Taken from Meditations by John Baptist de La Salle
FIRST SUNDAY OF LENT
GOSPEL: SAINT MATTHEW 4:1–11
17.1 First Point
Today’s Gospel, which informs us that Jesus Christ went off into the desert (Mt 4:1),
does not say that he did this to
withdraw from human company or to pray but to be tempted. This helps us understand that the first step we must
take when we wish to give ourselves to God is to leave the world to prepare ourselves to fight this world and all the
enemies of our salvation.
In seclusion from the world, says Saint Ambrose, we ought to expect to be tempted and tried in many ways.
The Wise Man likewise forewarns us of this when he says that those who enter the service of God must prepare
themselves for temptation (Sir 2:1 4).
It is very advantageous for them, because it is one of the best ways to free themselves
entirely from sin and from affection for sin.
Have you always thought that to be devoted entirely to God, you must be prepared to be tempted? Are you
not upset when some temptation comes to you? In the future be ready to meet temptation at any time and thus to
draw from it all the benefit that God wishes it to accomplish in you.
17.2 Second Point
What ought to induce a soul truly given to God to be always ready to meet temptation is what Job says:
human life is a temptation or, according to the Vulgate, a constant warfare (Jb 7:1 5).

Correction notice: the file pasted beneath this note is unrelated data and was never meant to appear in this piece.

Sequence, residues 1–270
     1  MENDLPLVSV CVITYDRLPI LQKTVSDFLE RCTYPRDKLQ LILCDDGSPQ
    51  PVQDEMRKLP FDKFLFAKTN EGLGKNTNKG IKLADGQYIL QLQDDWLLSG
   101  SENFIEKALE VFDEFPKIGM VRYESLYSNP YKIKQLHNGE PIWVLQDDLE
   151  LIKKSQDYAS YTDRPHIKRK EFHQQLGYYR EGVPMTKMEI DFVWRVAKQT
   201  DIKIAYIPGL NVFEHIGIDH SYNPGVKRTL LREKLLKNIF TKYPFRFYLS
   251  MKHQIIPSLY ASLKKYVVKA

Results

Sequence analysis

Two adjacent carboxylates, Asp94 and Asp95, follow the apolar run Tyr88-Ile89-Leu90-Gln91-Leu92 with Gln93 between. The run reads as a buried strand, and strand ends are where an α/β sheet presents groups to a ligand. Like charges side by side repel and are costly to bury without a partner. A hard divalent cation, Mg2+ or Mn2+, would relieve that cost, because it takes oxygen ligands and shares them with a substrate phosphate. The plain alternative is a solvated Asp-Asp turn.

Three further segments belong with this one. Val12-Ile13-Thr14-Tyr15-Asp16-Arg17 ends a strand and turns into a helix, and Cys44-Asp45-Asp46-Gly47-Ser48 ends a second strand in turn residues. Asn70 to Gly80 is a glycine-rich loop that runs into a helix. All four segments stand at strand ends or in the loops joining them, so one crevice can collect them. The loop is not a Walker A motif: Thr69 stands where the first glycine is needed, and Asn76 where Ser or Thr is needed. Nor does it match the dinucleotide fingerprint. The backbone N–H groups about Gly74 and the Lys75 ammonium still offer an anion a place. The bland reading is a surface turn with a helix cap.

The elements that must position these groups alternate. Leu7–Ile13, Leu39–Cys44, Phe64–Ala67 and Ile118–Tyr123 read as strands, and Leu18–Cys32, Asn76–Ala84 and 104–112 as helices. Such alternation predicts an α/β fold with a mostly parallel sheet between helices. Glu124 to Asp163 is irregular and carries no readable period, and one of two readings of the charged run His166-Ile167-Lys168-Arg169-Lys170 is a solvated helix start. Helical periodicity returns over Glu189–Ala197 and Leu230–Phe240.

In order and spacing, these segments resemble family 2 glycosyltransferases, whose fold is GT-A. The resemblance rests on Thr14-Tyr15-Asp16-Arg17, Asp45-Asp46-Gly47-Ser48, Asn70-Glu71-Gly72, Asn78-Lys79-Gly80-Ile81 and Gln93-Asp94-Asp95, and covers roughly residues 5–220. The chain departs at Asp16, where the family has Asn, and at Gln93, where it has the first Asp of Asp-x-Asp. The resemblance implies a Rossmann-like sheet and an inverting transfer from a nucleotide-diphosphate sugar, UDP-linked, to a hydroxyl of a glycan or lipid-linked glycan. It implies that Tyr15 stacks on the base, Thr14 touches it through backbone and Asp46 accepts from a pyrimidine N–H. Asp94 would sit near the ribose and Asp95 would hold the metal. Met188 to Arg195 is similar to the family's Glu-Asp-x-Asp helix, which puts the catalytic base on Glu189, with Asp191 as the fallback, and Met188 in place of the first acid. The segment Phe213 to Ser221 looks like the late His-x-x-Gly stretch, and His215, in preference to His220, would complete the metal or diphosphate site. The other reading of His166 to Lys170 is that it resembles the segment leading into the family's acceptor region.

From this we may conclude that if God
wishes a soul to be tempted in this world, it is because there is a need to struggle constantly against the demon and
our own passions and inclinations, which will continue to wage war as long as the soul will be in this life. This led
Saint Jerome to say that it is impossible for our soul to escape temptation in this life, that if Jesus Christ, our Savior,
was tempted, no one can hope to cross the stormy sea of this life without being exercised by temptation.
Have you been expecting to battle constantly with the demon and against you? Since you left the world,
have you been as constantly on your guard against you as you must be? Do you have what you need to resist
the demon and not to surrender to the pleasures of the senses? Be convinced that it is a great misfortune not to
experience any temptation, because this is a sign that we are not victorious in any way and that we are allowing
ourselves to be easily conquered by our passions.
17.3 Third Point
The angel who accompanied young Tobias said to his father, Because you were pleasing to God, it was
necessary for you to be tested by temptation ( Rv 3:19).
This ought to convince you fully of the necessity of trials of this sort,
for it is temptation that will procure for you an abundance of grace. So, do not believe, as Saint Chrysostom remarks,
that God has abandoned you when you are tempted. On the contrary, this is one of the greatest signs you can
have that God is particularly concerned about your salvation, because he gives you the opportunity to fight and to
practice virtue energetically and in this way to gain strength by it. Little by little, we acquire sublime virtue when we
remain constant, unshaken, and inflexible in its practice in spite of the violent temptations that attack us.
So, consider it a great misfortune when you are not tempted. This is a sign of reprobation and of God’s
abandonment, for God exercises those he loves5 and is pleased when he sees them tempted, as was the case with
Job and Tobias, two of his most faithful servants.